Manhassett specifically as well as the surrounding area. Perhaps
a wedding announcement was placed at the time. Also, if you've
tried writing to the address and had the mail returned, the
Nassau county clerk may have a record of the sale of the home
with the seller's new address. I would also try writing to synagogues
in Manhasset. The Reform temple is Temple Judea, 333 Searingtown Rd.
Manhasset. If they have a current address, they may foward a
letter for you. Good luck with your search.

Carol Blumenthal Cohen


Re: Zvolen, Slovenska #general

Peter Zavon <PZavon@...>
 

.... discovered an entry in an old address book for a brother to my
Grandfather, who evidently lived in Zvolen, which is in Slovakia.
However, my Grandfather was >from Budapest and I have always heard
the family as being "Hungarian". The timeframe is late 19th century
and no later than 1915.

Is anyone familiar with Zvolen that could give me a bit of history and
background on the town? And would it have been likely that a Hungarian
would have been living in Zvolen? ....
Sam Schleman
Before WWI, the Austro-Hungarian Empire was organized in two (somewhat)
separate parts, Imperial Austria and the Kingdom of Hungary. Without
getting into a long description the arrangement could be described as
two crowns - one monarch, perhaps analogous to the situations of
England and Scotland before the Act of Union.

When Czechoslovakia was created after WWI, it was made of lands >from
both crowns. Bohemia and Moravia had been under the Austrian Crown.
Slovakia had been under the Hungarian Crown. When Czechoslovakia split
up in the 1990's the split was essentially along those lines, with the
former Austrian part becoming the Czech Republic and the former
Hungarian part becoming the Republic of Slovakia.

So a town in modern Slovakia would have been in the Hungarian part
of the Empire before WWI and people >from there could well have been
called "Hungarian."

Peter Zavon
Penfield, NY 14526
PZavon@Rochester.RR.Com


JewishGen Discussion Group #JewishGen Re: Zvolen, Slovenska #general

Peter Zavon <PZavon@...>
 

.... discovered an entry in an old address book for a brother to my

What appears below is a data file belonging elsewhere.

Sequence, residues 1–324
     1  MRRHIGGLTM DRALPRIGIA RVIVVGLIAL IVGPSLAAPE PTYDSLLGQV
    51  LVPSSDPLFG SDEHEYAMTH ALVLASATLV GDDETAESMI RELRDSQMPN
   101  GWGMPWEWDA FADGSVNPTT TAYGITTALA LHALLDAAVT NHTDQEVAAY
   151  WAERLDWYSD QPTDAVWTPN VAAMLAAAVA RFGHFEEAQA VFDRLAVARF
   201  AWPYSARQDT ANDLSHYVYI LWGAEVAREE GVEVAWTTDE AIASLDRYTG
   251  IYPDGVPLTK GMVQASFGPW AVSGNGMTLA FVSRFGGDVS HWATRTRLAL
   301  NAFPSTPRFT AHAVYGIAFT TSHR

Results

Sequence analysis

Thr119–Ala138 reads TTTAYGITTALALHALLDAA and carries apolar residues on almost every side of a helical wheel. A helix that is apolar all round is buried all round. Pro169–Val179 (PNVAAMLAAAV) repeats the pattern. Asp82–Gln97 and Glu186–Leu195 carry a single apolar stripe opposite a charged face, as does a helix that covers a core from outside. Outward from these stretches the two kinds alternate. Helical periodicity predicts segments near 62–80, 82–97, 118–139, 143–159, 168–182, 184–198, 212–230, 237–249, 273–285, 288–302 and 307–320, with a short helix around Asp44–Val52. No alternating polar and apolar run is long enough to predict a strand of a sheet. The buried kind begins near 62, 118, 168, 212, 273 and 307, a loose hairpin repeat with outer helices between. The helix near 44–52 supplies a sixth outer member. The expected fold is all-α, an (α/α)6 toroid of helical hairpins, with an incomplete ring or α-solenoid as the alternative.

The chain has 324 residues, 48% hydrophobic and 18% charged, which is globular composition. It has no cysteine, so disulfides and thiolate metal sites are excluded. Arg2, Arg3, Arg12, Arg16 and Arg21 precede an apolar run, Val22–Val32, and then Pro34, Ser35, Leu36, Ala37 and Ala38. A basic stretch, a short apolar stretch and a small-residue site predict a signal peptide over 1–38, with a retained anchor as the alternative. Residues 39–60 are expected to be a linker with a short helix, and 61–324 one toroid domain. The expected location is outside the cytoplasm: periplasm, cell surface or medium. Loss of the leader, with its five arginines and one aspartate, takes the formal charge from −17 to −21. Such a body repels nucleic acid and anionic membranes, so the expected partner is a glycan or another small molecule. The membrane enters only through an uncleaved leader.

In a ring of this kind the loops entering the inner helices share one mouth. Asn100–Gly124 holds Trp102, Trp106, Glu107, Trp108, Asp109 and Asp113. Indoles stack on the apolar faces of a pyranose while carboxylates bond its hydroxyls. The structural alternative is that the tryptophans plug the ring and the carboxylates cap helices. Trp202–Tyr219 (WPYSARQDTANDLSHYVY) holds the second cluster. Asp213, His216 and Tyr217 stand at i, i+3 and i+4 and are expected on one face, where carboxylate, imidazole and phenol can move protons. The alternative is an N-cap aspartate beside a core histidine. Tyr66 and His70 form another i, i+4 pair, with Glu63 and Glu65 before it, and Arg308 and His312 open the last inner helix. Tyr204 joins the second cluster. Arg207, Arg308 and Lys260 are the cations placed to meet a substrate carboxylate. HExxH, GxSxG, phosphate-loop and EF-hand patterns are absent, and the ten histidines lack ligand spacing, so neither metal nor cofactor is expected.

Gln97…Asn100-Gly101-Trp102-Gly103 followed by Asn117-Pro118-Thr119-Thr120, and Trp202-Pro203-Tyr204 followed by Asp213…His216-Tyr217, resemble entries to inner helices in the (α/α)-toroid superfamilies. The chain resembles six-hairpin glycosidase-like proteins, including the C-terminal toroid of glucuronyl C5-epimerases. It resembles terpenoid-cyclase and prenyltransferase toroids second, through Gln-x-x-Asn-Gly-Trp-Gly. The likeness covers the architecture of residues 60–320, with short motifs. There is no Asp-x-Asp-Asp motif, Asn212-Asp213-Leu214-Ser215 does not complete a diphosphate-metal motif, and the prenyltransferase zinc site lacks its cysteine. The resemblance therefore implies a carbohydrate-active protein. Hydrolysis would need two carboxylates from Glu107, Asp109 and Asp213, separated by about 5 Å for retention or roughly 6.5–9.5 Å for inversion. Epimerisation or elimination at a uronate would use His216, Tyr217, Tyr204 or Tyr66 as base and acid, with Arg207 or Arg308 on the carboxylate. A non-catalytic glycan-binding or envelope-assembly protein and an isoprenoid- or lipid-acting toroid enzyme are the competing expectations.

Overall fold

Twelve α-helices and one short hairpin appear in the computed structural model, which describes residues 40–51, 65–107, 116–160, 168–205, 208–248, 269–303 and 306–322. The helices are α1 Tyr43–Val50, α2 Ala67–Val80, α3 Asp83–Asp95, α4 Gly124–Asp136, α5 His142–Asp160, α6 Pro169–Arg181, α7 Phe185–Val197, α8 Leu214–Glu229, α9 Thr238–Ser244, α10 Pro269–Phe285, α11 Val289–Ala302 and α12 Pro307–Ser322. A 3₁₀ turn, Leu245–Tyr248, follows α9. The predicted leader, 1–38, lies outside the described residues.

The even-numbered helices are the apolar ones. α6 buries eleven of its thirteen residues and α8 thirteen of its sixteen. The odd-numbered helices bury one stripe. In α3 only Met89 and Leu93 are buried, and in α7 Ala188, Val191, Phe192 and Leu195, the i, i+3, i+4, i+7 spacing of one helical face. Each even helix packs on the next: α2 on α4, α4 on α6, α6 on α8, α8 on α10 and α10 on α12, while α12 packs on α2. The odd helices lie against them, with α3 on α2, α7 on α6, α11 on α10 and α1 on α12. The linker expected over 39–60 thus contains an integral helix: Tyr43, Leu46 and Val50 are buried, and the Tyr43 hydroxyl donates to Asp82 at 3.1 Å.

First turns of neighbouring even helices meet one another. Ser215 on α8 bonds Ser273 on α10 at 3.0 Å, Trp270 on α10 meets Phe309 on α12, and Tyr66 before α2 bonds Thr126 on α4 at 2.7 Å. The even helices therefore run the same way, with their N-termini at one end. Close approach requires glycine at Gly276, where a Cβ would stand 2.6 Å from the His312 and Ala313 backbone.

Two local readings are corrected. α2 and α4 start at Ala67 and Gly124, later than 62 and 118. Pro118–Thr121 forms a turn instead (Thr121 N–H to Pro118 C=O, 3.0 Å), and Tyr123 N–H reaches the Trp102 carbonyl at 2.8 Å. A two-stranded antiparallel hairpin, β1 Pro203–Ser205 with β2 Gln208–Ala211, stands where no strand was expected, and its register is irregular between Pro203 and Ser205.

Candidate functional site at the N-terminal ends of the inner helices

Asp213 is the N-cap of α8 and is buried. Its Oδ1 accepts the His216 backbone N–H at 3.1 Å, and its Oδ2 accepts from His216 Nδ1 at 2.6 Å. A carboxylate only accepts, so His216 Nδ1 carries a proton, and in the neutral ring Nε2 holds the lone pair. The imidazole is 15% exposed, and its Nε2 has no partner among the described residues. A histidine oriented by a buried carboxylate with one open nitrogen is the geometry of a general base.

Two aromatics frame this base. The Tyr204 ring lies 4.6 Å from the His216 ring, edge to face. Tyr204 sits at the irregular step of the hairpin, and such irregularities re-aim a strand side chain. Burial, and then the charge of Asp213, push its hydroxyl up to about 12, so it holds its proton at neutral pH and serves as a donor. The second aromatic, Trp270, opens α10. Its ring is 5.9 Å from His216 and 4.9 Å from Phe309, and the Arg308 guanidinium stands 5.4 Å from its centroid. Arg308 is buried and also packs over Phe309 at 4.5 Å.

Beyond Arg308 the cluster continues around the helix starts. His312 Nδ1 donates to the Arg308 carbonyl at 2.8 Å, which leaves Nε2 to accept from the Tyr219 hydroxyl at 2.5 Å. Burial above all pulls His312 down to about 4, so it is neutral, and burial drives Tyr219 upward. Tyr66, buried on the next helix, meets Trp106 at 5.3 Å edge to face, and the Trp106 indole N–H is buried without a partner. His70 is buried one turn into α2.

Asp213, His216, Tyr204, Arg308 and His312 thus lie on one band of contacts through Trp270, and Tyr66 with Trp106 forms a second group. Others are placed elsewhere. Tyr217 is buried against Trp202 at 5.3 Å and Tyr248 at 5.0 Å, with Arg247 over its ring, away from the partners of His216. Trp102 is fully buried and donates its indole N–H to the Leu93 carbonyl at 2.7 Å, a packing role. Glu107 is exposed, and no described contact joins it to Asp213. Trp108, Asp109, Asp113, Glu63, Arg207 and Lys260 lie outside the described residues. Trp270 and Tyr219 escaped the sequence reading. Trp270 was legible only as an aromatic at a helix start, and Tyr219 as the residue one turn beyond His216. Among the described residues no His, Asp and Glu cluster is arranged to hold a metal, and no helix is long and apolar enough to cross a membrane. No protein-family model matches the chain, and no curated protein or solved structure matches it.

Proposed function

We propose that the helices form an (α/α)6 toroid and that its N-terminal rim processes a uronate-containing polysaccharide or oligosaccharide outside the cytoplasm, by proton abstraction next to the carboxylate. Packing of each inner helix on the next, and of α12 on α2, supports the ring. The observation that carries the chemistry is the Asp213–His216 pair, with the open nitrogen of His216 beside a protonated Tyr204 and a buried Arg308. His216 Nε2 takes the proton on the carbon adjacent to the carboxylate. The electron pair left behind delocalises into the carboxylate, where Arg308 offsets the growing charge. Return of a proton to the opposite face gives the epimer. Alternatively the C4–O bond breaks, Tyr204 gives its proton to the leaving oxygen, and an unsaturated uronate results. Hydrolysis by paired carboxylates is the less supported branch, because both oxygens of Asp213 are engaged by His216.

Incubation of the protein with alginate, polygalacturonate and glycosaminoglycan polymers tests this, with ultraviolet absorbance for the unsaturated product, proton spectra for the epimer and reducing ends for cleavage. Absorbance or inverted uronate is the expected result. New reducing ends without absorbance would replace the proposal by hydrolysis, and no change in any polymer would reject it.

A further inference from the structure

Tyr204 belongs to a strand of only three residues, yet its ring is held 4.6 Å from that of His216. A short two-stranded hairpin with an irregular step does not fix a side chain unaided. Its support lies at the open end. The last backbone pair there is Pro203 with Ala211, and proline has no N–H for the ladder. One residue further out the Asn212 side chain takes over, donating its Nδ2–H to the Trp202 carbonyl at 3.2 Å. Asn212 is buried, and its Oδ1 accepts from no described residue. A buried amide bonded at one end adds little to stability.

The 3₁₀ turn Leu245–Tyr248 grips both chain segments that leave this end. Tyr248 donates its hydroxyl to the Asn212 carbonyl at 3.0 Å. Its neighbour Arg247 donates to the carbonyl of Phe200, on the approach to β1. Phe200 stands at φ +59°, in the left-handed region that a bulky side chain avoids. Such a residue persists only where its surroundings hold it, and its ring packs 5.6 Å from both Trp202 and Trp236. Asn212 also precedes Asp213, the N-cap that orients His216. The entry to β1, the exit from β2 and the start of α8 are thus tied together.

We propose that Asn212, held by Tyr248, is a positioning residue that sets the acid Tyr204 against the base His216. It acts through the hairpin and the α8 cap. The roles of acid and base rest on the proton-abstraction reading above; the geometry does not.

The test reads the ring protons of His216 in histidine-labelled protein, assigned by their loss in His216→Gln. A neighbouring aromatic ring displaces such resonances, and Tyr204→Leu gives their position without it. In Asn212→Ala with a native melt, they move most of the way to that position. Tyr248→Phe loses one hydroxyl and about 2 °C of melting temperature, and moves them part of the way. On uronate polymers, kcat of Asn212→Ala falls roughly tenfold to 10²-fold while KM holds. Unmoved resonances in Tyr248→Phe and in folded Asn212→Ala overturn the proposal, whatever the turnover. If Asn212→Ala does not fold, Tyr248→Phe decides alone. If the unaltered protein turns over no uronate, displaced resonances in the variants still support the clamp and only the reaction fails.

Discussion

Grandfather, who evidently lived in Zvolen, which is in Slovakia.
However, my Grandfather was >from Budapest and I have always heard
the family as being "Hungarian". The timeframe is late 19th century
and no later than 1915.

Is anyone familiar with Zvolen that could give me a bit of history and
background on the town? And would it have been likely that a Hungarian
would have been living in Zvolen? ....
Sam Schleman
Before WWI, the Austro-Hungarian Empire was organized in two (somewhat)
separate parts, Imperial Austria and the Kingdom of Hungary. Without
getting into a long description the arrangement could be described as
two crowns - one monarch, perhaps analogous to the situations of
England and Scotland before the Act of Union.

When Czechoslovakia was created after WWI, it was made of lands >from
both crowns. Bohemia and Moravia had been under the Austrian Crown.
Slovakia had been under the Hungarian Crown. When Czechoslovakia split
up in the 1990's the split was essentially along those lines, with the
former Austrian part becoming the Czech Republic and the former
Hungarian part becoming the Republic of Slovakia.

So a town in modern Slovakia would have been in the Hungarian part
of the Empire before WWI and people >from there could well have been
called "Hungarian."

Peter Zavon
Penfield, NY 14526
PZavon@Rochester.RR.Com


Re: Lookup Tools #general

Daniel Kazez <dkazez@...>
 

Hi Daniel: Nothing came through but a beautiful blue
screen. Ideas?
I find that this page loads fine with Internet Explorer, but
not with Netscape.

http://www.freeality.com/findet.htm

Daniel
Daniel Kazez <dkazez@mail.wittenberg.edu>
Springfield, Ohio USA
http://www.kazez.com/~dan/oberman/


JewishGen Discussion Group #JewishGen Re: Lookup Tools #general

Daniel Kazez <dkazez@...>
 

Hi Daniel: Nothing came through but a beautiful blue
screen. Ideas?
I find that this page loads fine with Internet Explorer, but
not with Netscape.

http://www.freeality.com/findet.htm

Daniel
Daniel Kazez <dkazez@mail.wittenberg.edu>
Springfield, Ohio USA
http://www.kazez.com/~dan/oberman/


Solicitation from Lithuanian Researcher #lithuania

Howard Margol
 

EDENSARA@aol.com mentioned receiving an email solicitation >from a woman in
Vilnius advertising research services. She did not mention the name of the
solicitor.